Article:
Perception, inference and testimony

जो मैं कल था

क्या वोह आज भी हूँ?

और जो मैं आज हूँ

क्या कल भी रहूँगा ?

What I was yesterday

Am I that today?

And what I am today?

Will I be tomorrow?

Is there an underlying, intrinsic self to us or are we just a form of energy constantly making and unmaking ourselves in relation to the universal flux? That is the question in my mind this morning. It is reasonably obvious that at some level I am today what I was yesterday. But is that my core unchanging intrinsic self? I don’t know. I don’t.

It is amazing how reading scholarly western literature about ancient Indian scholars invariably sets me sail on a weird journey through a river of perceptions. Like I often do on a whim, I again went back to reading the Stanford Encyclopedia of Philosophy (SEP). This morning the random choice was Bhratruhari whose Google search led me to this particular material on SEP. It was while reading the fairly complex and unapologetically scholarly material that the lines above in Hindi and their English translation came to me. “Came to me” sounds mystical but in a manner of speaking they were delivered fully formed. Or, at the very least, their formation was so instant and organic that I felt no effort in conceiving and birthing them. The conception and birth was—or at least I perceived them to be—instantaneous.

I have written about such subjects earlier and I remain deeply interested in the kind of extraordinary pursuit of esoteric knowledge that went on in India since at least 500 BCE during the time of Buddha. Among the many ideas that SEP’s ‘Epistemology in Classical Indian Philosophy’ refers to are perception, inference and testimony. In particular, I was struck by this passage: “With an eye to the alleged power of inference to prove the existence of God or personal survival, the Cārvāka materialist school recognizes perception as a knowledge source but not inference nor any other candidate. Inference depends upon generalizations which outstrip perceptual evidence, everything F as a G. No one can know that, Cārvāka claims. Testimony is also no good since it presupposes that any speaker would tell the truth and thus is subject to the same criticism of lack of evidence. And so on through the other candidates (Mādhava, Sarva-darśana-saṃgraha). The standard response is pragmatic. We could not act as we do if we could not rely on inference (etc.) albeit inference does depend on generalization that (often, not invariably) outstrips experience. The skeptic himself relies on such generalizations when he opens his mouth to voice his skepticism, by using words with repeatable meanings (Gaṅgeśa, inference chapter, Tattva-cintā-maṇi).”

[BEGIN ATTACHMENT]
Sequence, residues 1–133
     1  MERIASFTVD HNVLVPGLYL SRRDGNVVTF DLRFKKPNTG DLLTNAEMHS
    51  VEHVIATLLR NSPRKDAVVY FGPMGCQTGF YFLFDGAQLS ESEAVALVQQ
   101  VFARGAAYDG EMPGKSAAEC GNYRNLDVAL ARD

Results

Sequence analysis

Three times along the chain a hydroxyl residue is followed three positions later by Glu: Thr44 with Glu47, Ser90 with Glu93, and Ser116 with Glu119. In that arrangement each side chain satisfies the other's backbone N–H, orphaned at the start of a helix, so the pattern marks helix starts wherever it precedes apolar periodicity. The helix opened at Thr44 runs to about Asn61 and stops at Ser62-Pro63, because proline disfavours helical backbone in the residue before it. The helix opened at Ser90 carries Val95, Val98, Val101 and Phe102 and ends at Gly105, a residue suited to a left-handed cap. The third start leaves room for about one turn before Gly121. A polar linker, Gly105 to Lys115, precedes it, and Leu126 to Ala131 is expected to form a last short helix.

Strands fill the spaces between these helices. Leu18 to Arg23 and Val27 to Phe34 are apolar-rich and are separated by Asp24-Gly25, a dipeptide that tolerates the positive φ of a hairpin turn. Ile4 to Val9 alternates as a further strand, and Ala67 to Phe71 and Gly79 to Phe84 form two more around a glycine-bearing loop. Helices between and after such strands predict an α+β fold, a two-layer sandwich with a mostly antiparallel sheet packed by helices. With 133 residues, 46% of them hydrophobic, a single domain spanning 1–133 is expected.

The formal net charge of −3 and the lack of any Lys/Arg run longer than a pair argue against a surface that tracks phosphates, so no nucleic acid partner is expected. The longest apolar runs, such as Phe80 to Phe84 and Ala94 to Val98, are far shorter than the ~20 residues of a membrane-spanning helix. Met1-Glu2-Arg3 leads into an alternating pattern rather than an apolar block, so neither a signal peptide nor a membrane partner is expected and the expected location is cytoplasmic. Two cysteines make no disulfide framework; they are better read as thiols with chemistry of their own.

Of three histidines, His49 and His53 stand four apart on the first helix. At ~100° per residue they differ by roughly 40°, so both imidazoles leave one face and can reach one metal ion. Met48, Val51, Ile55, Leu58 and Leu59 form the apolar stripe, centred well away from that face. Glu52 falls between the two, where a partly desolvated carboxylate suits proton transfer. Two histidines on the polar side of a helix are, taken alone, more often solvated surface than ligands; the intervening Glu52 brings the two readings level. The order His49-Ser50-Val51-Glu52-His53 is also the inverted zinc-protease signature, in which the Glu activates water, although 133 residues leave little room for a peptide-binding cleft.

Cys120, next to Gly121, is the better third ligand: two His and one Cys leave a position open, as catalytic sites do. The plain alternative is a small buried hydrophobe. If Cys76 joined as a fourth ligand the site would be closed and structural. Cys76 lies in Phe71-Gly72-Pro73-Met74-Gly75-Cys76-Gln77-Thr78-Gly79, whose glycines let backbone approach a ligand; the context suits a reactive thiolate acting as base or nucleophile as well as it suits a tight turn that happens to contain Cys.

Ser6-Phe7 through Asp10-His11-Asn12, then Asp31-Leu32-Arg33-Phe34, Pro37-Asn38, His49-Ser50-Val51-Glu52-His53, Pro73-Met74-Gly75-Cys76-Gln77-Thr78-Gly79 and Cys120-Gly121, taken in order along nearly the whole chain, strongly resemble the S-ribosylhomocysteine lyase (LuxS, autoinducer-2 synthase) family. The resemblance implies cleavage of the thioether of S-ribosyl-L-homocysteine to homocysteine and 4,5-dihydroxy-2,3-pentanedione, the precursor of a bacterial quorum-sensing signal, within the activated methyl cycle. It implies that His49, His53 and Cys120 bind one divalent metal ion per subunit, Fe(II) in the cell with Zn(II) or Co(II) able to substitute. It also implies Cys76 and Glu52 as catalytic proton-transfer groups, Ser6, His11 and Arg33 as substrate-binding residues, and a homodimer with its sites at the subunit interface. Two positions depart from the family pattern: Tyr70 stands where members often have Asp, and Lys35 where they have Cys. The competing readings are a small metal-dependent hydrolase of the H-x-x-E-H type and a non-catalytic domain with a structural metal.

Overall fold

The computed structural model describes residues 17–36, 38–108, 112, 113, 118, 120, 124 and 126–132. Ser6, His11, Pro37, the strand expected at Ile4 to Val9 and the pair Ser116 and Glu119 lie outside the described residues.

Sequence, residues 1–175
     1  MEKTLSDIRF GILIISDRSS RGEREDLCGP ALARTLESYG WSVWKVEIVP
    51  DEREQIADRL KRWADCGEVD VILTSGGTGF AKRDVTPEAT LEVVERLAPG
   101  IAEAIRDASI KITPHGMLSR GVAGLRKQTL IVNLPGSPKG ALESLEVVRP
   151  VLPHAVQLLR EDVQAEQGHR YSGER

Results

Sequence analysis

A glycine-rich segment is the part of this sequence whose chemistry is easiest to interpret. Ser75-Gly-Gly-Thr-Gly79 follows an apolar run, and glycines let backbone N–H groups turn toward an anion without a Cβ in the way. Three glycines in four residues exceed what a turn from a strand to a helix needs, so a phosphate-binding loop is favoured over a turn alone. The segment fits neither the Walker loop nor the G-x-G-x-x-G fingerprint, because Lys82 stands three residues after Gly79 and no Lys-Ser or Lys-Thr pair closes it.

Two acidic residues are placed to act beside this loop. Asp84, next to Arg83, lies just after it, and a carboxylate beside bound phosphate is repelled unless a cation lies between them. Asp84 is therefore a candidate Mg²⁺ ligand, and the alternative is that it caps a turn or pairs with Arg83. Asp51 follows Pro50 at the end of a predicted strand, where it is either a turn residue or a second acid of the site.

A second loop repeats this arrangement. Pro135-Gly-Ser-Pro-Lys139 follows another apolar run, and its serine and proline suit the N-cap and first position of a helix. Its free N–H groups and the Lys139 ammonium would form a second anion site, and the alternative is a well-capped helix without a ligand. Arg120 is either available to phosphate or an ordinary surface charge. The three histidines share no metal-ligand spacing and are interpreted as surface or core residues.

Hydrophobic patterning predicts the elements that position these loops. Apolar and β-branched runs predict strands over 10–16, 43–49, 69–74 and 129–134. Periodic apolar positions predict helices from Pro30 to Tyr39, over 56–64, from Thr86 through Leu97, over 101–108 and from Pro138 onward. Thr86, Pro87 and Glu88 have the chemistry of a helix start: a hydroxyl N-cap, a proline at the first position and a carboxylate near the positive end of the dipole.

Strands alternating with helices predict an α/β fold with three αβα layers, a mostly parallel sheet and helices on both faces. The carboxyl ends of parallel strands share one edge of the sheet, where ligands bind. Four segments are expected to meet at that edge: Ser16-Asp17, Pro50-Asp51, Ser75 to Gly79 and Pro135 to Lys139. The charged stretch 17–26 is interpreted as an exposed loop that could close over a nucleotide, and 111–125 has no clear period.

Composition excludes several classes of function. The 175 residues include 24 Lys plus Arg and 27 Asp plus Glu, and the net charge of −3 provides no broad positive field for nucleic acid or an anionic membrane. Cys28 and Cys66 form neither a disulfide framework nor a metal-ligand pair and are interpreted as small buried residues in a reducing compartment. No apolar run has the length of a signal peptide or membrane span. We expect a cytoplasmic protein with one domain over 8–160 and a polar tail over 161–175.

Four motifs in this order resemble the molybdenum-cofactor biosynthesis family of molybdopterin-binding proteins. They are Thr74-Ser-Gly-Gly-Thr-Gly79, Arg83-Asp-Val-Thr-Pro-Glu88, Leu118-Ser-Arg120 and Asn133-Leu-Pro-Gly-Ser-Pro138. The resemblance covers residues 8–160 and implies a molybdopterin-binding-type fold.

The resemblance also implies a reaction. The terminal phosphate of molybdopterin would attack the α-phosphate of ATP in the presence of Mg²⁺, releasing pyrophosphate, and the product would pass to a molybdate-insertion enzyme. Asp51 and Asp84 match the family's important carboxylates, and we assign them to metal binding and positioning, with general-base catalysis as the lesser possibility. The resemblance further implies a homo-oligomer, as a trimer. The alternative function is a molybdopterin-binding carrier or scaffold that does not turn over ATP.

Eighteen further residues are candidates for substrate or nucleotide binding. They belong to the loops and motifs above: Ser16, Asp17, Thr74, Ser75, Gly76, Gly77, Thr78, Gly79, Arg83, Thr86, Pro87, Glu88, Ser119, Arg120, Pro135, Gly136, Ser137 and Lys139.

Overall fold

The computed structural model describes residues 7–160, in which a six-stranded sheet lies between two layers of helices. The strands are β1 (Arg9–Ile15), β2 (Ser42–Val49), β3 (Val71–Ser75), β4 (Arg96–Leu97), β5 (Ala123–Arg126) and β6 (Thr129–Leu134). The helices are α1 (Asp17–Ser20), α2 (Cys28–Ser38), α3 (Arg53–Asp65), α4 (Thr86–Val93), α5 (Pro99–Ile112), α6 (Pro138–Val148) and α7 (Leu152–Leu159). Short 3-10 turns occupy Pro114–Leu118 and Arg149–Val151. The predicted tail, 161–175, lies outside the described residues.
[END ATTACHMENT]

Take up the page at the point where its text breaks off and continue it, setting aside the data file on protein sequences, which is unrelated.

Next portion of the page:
I am not even sure if what I understand of perception, inference and testimony, is the same as what the SEP is saying or what the Cārvāka materialist school is saying. All I know is that while reading that passage the lines above formed in my mind as a whole idea. How do I know what I perceived of me yesterday and inferred to be is what I perceive of me today and infer? And by extension of that, how do I know what I will perceive of me tomorrow will be a continuation of the last two days? I get lost in such esoteric non-sense. That has been a lifelong feature.

Some regular reader of this blog may conclude that I may now need some treatment considering the frequency with which I lapse into such esoteric ideas. But then how do you know what you perceive of me and infer me to be is really what I am? This especially when I am not sure myself if there is intrinsic continuum to me.


About chutiumsulfate

South Asians can infer from my name what I am. View all posts by chutiumsulfate

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